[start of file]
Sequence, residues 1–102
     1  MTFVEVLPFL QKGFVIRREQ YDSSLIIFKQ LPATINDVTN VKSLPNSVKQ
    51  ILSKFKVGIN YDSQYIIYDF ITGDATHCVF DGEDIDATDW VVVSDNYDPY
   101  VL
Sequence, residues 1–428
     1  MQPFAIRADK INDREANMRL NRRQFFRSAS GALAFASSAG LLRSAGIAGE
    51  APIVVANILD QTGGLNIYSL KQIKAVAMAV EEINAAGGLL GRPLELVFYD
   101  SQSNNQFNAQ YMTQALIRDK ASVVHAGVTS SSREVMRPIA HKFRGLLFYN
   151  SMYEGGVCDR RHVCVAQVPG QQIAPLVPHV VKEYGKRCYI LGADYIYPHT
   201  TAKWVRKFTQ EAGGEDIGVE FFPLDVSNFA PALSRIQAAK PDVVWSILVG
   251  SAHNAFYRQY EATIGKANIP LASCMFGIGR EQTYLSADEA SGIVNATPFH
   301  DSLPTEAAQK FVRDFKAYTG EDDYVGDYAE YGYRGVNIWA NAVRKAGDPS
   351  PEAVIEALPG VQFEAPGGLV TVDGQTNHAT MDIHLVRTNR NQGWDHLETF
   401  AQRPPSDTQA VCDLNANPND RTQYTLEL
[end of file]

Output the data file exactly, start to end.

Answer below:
Sequence, residues 1–102
     1  MTFVEVLPFL QKGFVIRREQ YDSSLIIFKQ LPATINDVTN VKSLPNSVKQ
    51  ILSKFKVGIN YDSQYIIYDF ITGDATHCVF DGEDIDATDW VVVSDNYDPY
   101  VL
Sequence, residues 1–428
     1  MQPFAIRADK INDREANMRL NRRQFFRSAS GALAFASSAG LLRSAGIAGE
    51  APIVVANILD QTGGLNIYSL KQIKAVAMAV EEINAAGGLL GRPLELVFYD
   101  SQSNNQFNAQ YMTQALIRDK ASVVHAGVTS SSREVMRPIA HKFRGLLFYN
   151  SMYEGGVCDR RHVCVAQVPG QQIAPLVPHV VKEYGKRCYI LGADYIYPHT
   201  TAKWVRKFTQ EAGGEDIGVE FFPLDVSNFA PALSRIQAAK PDVVWSILVG
   251  SAHNAFYRQY EATIGKANIP LASCMFGIGR EQTYLSADEA SGIVNATPFH
   301  DSLPTEAAQK FVRDFKAYTG EDDYVGDYAE YGYRGVNIWA NAVRKAGDPS
   351  PEAVIEALPG VQFEAPGGLV TVDGQTNHAT MDIHLVRTNR NQGWDHLETF
   401  AQRPPSDTQA VCDLNANPND RTQYTLEL